What is the Beacon Way and why is it impacting the digital marketing industry?
The Beacon Way is something that we have been formulating, testing, and using for our clients over the past several years. We’ve been able to put together a methodology around the most successful pieces that any business needs to have as part of its marketing plan.
The Beacon Way focuses on your digital footprint and its human connection in a digital world of disconnection.
Can you explain why human connection is important in a digital format?
93% of people begin online experiences with a search engine and 81% of people perform some type of online search before making a large purchase. Even though they start online and are getting the information they’re looking for from a digital platform, they don’t want to be sold and they don’t want to be just a number, they want to be a customer, a fan of your company, and possibly an unpaid brand ambassador for your services based on the experience they have once they decide to make that initial contact.
Bringing humanity back into the digital equation humanizes what has become largely dehumanized. We have found that the more we bring that human-to-human connection back into digital marketing, it transforms the whole buying process.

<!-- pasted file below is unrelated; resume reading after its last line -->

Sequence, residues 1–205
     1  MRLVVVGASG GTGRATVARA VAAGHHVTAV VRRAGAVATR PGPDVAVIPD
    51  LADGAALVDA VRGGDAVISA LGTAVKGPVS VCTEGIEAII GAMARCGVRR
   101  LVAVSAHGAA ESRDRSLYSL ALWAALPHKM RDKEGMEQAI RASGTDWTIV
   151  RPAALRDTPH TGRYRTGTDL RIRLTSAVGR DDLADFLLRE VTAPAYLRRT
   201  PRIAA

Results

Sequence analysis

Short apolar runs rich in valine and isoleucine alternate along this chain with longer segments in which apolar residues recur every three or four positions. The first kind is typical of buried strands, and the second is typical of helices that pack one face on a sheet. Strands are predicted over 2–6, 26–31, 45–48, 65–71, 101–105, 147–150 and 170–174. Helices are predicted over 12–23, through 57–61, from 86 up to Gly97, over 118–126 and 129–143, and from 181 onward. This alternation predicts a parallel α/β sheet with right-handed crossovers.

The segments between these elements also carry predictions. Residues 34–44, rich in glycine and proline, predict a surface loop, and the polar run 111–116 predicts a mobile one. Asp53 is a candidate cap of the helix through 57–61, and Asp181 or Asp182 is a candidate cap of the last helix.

To put it simply, The Beacon Way cultivates conversations and connections with your ideal clients. It brings digital marketing back to the human level, which directly affects your bottom line, your brand, and your ability to recruit people to work for you.
How do you formulate a marketing plan based on The Beacon Way?
A good in-person networker knows that to connect on a human level, you have to watch how you use speech and body language to invite conversation. Closed body language, like directly facing one person instead of a more open stance, does not invite others into your sphere for connection and conversation. A simple side step to open your shoulders to the room shows people that you are open to them coming toward you, inviting them into the conversation. This applies to your digital presence as well, a website that is not easily navigated and appears cold, does not as easily invite the potential client to continue to explore the conversation.
Taking a step back with fresh eyes to analyze your online presence is the first step to solid plan formulation. 90% of how potential clients will perceive you is in the “tone and body language” of your online presence, how is your conversation and your communication? Do the words you use make them feel comfortable? Is your color scheme welcoming? Is the general theme of the website welcoming or is it cold and off-putting? Are you communicating clearly with your potential clients that they have found whom they are looking for or are they having to hunt and struggle to discover that you are the solution they are looking for?